"It’s a common perception that melanoma, although can be deadly, can be removed pretty easily and there’s only a small scar.”

By Korin Miller
October 21, 2019

It’s easy to write off a sun spot as no big deal, but a mark on one man's neck ended up turning into skin cancer—and he lost a huge chunk of skin from his neck and back because of it.

Ryan Glossop, a 37-year-old father of two, was diagnosed with melanoma in November 2018, his wife Fallon Glossop wrote in an emotional Facebook post. “After 40 odd biopsies of his neck and back, [one] of his lung and [four] surgeries, what started out so small, turned into something that none of us were ready for,” she wrote.

The reason for multiple surgeries, Fallon said, was because even after the mole in question was removed, Ryan's tests kept coming back abnormal. "The thing is, with any skin cancer, not only do they remove the affected area of skin, but they also take a boundary around it," she wrote. According to Fallon, Ryan's abnormal tests were due to a condition called nevus spilus. "It's very rare for it to transition into melanoma, but in his case it did," she wrote.

For Ryan's fourth surgery, which happened in May 2019, he had such a large area of skin removed from his neck and upper-back area, that "a whopping 8cm wide and 40cm [nearly 16 inches] long chunk of skin was removed from the back of both [of his] legs to cover the patch on the back of his neck," according to an interview with Yahoo News Australia

RELATED: This 24-Year-Old Thought the Tiny Spot Under Her Eye Was a Pimple. It Turned Out to Be Skin Cancer

What is nevus spilus, exactly?

Nevus spilus, which is what led to Ryan's melanoma, is a birthmark with a light brown background with smaller, darker brown dots inside of it, says Joshua Zeichner, M.D., a New York City board-certified dermatologist. “These are usually present at birth or appear during childhood,” says Gary Goldenberg, M.D., assistant clinical professor of dermatology at the Icahn School of Medicine at Mount Sinai in New York City.

Nevus spilus are “relatively common and usually harmless. However, they rarely have been reported to turn into a skin cancer called melanoma,” Dr. Zeichner says. Just like with any mole, “it’s possible for nevus spilus to become abnormal or even cancerous if it’s exposed to lots of sunshine,” Dr. Goldenberg says.

Melanoma is the most deadly form of skin cancer and is most commonly found on the chest and back in men and on the legs in women, according to the American Cancer Society (ACS). According to ACS estimates, about 96,480 new melanomas are expected to be diagnosed in the U.S. this year, and about 7,230 people are expected to die of the disease.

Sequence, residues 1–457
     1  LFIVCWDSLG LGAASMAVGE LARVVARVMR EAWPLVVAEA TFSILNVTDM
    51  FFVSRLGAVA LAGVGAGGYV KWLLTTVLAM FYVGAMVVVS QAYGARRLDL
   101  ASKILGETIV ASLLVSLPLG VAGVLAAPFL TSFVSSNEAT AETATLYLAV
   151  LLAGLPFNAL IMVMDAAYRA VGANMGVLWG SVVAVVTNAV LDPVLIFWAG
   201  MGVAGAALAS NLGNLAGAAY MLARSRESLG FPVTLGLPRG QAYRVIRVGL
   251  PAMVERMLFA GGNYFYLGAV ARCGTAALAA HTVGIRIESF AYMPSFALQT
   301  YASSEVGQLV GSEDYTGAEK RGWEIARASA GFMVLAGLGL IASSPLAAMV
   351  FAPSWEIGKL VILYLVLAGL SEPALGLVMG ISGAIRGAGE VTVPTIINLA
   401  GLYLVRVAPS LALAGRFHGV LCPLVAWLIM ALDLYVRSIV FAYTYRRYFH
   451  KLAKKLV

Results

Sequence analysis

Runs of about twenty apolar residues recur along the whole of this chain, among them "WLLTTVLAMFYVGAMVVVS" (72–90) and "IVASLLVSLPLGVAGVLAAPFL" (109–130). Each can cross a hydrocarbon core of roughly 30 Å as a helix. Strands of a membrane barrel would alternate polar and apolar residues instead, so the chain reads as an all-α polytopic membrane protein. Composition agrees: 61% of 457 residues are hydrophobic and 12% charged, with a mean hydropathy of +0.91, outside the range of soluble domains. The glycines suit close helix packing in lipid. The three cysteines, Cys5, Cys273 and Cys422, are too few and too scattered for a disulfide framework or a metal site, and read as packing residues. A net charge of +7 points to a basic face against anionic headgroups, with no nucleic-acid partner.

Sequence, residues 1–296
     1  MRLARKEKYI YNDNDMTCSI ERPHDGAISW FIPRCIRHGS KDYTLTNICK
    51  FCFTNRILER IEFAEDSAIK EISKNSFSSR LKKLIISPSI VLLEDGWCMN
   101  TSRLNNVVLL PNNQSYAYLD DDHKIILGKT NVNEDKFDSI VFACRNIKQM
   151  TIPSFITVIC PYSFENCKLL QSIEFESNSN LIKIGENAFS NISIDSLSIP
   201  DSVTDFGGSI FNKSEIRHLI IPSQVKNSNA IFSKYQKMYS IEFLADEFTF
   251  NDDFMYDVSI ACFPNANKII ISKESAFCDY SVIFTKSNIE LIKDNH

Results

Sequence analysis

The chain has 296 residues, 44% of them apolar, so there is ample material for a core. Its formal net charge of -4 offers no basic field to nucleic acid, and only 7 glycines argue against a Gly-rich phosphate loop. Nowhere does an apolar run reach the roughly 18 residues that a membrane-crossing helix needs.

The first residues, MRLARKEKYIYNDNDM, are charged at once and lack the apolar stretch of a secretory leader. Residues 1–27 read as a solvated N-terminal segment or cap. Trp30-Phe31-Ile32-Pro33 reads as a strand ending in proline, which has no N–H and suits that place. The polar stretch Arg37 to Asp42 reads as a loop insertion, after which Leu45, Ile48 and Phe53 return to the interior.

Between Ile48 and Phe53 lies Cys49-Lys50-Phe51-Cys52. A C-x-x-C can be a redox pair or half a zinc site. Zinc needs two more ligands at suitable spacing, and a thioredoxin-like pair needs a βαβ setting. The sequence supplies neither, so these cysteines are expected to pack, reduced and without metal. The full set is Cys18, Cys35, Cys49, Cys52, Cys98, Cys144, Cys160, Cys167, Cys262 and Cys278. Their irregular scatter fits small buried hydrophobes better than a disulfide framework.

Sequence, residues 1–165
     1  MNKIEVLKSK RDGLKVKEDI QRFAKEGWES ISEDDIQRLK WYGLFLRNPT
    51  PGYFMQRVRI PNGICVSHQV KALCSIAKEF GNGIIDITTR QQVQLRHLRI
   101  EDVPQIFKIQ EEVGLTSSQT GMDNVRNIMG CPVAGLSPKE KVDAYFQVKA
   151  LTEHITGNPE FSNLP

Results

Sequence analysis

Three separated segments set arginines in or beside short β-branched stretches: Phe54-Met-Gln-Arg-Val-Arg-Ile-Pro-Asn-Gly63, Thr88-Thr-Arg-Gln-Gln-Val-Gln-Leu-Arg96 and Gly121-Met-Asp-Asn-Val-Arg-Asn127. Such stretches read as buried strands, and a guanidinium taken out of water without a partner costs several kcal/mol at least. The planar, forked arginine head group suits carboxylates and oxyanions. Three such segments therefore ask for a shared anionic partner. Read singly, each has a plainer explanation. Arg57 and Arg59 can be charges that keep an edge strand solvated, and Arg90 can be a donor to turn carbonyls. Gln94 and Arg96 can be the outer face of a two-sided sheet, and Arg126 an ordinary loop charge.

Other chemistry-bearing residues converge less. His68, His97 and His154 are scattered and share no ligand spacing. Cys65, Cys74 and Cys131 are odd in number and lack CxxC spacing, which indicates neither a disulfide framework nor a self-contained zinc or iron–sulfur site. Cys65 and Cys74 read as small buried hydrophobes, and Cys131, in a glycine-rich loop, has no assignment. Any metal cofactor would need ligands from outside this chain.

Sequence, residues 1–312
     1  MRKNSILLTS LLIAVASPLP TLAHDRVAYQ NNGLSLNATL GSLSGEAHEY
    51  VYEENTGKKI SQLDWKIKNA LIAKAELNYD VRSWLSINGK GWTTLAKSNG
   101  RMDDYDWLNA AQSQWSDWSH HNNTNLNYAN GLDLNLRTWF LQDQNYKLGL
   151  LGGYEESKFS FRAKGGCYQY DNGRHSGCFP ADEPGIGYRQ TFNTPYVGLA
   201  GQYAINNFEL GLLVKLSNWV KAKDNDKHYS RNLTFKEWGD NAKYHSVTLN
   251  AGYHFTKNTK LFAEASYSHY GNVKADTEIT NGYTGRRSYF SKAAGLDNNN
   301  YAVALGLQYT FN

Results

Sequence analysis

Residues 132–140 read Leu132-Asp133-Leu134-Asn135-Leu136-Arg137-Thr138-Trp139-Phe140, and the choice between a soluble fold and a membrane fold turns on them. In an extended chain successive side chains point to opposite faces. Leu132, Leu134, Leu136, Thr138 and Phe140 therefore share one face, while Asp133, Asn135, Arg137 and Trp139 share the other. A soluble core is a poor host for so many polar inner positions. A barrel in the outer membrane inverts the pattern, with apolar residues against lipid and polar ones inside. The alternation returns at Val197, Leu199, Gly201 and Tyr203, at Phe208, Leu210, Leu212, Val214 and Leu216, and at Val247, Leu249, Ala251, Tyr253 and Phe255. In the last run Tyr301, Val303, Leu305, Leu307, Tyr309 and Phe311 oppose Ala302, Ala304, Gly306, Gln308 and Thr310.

It’s always a good idea to have your spots regularly checked by a dermatologist, Dr. Zeichner says, but if you have a new or changing spot, you should get it looked at right away. “Not all nevus spilus spots need to be treated,” he says. “However, if the birthmark itself has grown or changed in size or color it should be sampled and sent to the lab.”

RELATED: Days of Our Lives Star Ali Sweeney Reveals a Small Bump on Her Nose Was Actually Skin Cancer

What about his scar—is it common to lose so much skin with skin cancer?

It really depends. “When you have a skin cancer, it needs to be fully removed with a clean margin, which is the technical term for the border,” Dr. Zeichner explains. “The size of the margin depends on the severity of the skin cancer.” Melanomas are usually removed with a large margin to make sure that the entire lesion is gone, he says.  

Dr. Goldberg agrees: “Standard of care dictates that approximately one centimeter of normal skin should be removed around the spot. And the entire skin layer should be removed under the spot."

Ryan's scarring—despite the smallness of his cancerous mole—is why he decided to share his story. "It’s a common perception that melanoma, although can be deadly, can be removed pretty easily and there’s only a small scar,” he told Yahoo News Australia, adding that his photos have opened many people's eyes to the lasting effects of melanoma. 

Currently, Ryan is doing well and is cancer-free—and is encouraging other people to get any spots on their skin checked. “This whole experience has been hugely challenging for all of us, but if anything good is to come out of this, it is that we now want to help raise more awareness of skin cancer,” Fallon said in her Facebook post. “Melanoma accounts for 10% of all skin cancers, which is why it is so important that everyone has regular skin checks. Your life is too precious to just bake yourself in the sun and not worry about your skin.”

To get our top stories delivered to your inbox, sign up for the Healthy Living newsletter

Advertisement